Microsoft takes action against auctioneers over sales of illegal software

4 Dec 2008

Microsoft has instigated over 63 legal actions against auctioneers in 12 countries over the sale of counterfeit software, including ‘Blue Edition’ counterfeit Windows XP software.

The majority of the cases announced involve counterfeit Windows XP software or components. Windows XP is coming to the end of its sales cycle, although genuine Windows XP products are still available through some channels.

In one case, counterfeiters in New Zealand allegedly sold counterfeit software they obtained in China to customers in six customers.

The 63 legal actions are taking place in 12 countries, including 16 in the United States, 12 in Germany, 12 in France and 7 in the United Kingdom, as well as proceedings in Argentina, Brazil, Canada, Colombia, the Dominican Republic, Japan, Mexico and New Zealand.

“Dishonest auctioneers are too often using these online auction sites to sell counterfeit and illegal copies of Microsoft software, taking advantage of unsuspecting customers around the world,” said David Finn, associate general counsel for worldwide anti-piracy and anti-counterfeiting at Microsoft.

“These dealers are peddling bogus products that can put customers and their personal information at serious risk.”

In recent months, Microsoft received complaints from victims of a new online auction scheme by auctioneers selling discounted software from a fabricated marketing program dubbed ‘Blue Edition’. The entirely fictional ‘Blue Edition’ scheme fools unsuspecting consumers into purchasing counterfeit software burned onto a CD.

“By taking legal action against these and other alleged counterfeiters, Microsoft is helping ensure that consumers around the world are protected from those who sell counterfeit software over the internet,” said Finn.

“We are also continuing to arm our customers with the information they need to keep from falling victim to counterfeit software.  Consumers should be aware that the so-called ‘Blue Edition’ software is nothing more than low-quality counterfeit software burned onto a CD.”

The growth of internet auction sites has also made it possible for people to purchase software online from anywhere in the world.

In one case, Microsoft New Zealand and Microsoft Australia received complaints from customers who had allegedly purchased the counterfeit software in question. Numerous consumer complaints were also filed on and against the reseller.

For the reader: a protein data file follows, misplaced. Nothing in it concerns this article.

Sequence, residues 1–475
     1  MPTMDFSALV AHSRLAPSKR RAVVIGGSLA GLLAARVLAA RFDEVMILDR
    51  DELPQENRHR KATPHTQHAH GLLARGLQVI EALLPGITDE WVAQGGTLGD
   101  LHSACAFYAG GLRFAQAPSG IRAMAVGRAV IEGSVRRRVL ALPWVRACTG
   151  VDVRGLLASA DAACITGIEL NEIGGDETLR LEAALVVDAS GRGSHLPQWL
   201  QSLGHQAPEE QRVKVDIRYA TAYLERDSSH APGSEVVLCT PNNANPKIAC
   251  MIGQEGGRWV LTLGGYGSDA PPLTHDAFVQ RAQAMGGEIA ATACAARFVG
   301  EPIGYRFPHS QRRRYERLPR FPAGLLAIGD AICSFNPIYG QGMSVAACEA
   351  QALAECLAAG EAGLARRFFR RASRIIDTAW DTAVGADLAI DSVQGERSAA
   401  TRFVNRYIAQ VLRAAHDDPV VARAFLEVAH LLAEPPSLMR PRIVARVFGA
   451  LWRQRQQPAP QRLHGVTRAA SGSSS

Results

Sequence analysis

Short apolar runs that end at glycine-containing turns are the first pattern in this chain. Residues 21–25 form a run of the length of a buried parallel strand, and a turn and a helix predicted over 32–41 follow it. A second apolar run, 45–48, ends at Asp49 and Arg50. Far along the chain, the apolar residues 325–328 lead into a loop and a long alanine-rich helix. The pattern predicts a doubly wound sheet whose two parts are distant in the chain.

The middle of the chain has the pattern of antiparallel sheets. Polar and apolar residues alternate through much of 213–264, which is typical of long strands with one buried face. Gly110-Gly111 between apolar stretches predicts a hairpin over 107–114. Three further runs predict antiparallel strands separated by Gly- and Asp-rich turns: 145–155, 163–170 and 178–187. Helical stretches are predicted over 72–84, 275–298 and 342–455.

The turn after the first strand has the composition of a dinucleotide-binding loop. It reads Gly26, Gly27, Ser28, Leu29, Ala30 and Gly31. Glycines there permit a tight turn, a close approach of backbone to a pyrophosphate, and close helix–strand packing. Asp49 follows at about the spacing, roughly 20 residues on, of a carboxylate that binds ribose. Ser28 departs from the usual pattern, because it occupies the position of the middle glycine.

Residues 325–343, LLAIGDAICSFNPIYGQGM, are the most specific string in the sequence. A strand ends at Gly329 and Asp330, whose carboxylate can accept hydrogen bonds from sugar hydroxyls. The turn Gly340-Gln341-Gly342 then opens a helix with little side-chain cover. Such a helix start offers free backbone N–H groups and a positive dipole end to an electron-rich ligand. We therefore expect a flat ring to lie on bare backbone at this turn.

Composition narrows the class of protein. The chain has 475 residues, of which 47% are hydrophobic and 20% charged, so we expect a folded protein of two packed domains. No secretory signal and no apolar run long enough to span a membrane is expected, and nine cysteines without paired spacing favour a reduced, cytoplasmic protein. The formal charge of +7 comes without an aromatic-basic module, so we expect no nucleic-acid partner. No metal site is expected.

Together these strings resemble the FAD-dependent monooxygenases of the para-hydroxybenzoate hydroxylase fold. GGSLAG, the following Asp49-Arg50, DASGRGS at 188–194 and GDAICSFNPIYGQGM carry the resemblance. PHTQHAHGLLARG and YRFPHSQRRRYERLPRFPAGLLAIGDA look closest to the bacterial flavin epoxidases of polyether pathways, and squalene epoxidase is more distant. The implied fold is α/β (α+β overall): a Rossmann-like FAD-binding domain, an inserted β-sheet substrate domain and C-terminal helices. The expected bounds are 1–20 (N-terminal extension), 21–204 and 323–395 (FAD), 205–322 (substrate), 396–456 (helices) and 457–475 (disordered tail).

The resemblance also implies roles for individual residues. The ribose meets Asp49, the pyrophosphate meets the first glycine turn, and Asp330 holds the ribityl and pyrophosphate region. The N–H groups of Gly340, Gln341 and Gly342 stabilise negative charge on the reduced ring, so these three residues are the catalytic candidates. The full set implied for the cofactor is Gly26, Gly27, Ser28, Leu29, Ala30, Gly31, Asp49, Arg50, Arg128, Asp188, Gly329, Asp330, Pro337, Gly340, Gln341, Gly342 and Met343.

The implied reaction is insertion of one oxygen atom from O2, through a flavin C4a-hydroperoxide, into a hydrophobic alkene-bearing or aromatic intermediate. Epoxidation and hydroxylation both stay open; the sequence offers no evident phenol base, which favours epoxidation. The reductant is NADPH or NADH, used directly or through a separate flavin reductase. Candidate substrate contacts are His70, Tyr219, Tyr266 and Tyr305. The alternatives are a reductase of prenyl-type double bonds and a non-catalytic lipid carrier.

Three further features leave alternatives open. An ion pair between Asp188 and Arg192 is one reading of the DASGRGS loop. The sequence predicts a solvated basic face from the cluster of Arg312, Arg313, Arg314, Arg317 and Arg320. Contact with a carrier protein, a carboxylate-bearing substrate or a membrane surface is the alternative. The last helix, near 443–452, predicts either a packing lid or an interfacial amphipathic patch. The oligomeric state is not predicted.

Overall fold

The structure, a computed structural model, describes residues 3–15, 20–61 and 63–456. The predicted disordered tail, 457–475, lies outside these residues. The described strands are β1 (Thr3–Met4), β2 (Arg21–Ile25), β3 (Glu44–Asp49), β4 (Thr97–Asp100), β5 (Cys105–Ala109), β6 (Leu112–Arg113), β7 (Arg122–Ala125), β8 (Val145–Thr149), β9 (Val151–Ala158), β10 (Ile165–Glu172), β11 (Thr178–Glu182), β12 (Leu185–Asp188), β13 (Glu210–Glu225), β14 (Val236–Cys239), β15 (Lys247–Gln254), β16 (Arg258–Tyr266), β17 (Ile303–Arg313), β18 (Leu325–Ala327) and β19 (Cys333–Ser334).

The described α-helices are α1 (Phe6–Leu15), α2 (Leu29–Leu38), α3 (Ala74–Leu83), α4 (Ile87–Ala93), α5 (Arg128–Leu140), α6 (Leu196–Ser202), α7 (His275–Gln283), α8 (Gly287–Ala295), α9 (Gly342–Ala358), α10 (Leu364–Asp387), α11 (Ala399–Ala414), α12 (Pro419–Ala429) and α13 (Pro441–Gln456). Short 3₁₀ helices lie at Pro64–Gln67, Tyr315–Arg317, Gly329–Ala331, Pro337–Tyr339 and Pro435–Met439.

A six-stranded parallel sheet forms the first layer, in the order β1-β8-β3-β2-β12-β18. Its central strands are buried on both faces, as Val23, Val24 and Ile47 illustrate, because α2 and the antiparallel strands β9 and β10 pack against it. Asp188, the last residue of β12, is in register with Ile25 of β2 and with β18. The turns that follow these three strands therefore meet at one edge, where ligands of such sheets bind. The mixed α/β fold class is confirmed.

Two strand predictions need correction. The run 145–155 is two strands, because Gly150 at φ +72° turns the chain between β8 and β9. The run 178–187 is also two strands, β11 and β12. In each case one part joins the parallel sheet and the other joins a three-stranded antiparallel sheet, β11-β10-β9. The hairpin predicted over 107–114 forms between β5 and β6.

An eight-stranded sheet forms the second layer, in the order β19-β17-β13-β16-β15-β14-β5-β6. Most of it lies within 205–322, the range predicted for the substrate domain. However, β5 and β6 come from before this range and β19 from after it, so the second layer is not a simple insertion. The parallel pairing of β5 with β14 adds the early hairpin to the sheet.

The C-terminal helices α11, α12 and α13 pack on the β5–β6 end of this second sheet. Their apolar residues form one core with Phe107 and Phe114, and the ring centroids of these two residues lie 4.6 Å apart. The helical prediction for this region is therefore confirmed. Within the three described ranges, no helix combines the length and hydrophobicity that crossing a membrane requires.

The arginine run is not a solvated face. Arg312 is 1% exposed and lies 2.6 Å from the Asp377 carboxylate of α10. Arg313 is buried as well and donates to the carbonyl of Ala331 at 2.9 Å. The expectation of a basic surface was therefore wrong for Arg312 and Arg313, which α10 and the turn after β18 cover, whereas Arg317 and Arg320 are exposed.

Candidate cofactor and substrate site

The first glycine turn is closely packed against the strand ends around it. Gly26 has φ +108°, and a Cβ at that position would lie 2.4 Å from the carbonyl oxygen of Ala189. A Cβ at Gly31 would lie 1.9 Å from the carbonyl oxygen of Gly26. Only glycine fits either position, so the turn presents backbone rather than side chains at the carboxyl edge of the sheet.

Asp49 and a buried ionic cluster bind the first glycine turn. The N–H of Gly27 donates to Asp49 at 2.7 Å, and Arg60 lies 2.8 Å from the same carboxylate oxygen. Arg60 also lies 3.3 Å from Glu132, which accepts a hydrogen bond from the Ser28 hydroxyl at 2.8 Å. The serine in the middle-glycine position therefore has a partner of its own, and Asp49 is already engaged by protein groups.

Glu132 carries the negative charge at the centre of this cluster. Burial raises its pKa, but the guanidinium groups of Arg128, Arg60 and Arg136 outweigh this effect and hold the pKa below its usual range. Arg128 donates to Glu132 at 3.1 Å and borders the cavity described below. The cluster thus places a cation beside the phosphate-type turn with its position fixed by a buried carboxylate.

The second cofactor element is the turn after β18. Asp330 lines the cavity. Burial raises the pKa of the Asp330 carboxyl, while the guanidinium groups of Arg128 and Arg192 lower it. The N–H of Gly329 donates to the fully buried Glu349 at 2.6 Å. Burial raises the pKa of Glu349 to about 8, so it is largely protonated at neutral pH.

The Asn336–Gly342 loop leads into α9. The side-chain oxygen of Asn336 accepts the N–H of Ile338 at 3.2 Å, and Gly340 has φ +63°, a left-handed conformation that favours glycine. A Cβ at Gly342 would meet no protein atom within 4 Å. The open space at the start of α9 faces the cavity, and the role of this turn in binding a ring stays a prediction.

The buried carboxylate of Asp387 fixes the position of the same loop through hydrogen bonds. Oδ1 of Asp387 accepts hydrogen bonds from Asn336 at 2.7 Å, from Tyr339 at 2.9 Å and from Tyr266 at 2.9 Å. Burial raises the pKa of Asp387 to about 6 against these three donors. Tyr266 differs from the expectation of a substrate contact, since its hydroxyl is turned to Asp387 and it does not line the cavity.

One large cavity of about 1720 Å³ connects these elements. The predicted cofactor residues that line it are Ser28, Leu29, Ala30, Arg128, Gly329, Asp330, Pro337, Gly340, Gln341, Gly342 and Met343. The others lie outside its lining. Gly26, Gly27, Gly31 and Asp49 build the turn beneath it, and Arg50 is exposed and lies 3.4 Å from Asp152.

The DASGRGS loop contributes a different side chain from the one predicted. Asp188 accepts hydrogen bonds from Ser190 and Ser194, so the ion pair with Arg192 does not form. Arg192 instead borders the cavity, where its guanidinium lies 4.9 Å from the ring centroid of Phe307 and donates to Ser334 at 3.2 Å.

As part of its follow-up investigation in this case, Microsoft learned that auctioneers in New Zealand sold high-quality counterfeit Microsoft Windows and Office software to unsuspecting consumers in Australia, Canada, the Netherlands, New Zealand, the United Kingdom and 15 US states.

“The International Trademark Association (INTA) applauds Microsoft’s actions to help make online auctions safer for consumers and less hospitable to counterfeiters, who are violating trademark laws,” said Alan C Drewsen, executive director, INTA.

“Unsuspecting customers seeking good deals on the internet are a prime target for counterfeiters, and we encourage customers to be smart shoppers to avoid fakes. Legal actions like these send an important message around the world that intellectual property infringement, wherever it occurs, is a global crime that endangers consumers as well as brand owners.”

Microsoft said counterfeit software presents real risks to consumers and businesses by opening their computers to security breaches that can result in the loss, damage or mis-use of important data or personal information.

Even the most experienced online shoppers searching online marketplaces for the best deal can be tricked by counterfeit resellers. A June 2006 forensic analysis of counterfeit Windows XP disks conducted by Microsoft found that 34pc of the disks could not be installed correctly and 43pc contained tampered code that could leave a victim open to data loss, identity theft or other malicious attacks.

Microsoft provides resources like and other tools to help consumers buy the genuine article.

By John Kennedy

John Kennedy is a journalist who served as editor of Silicon Republic for 17 years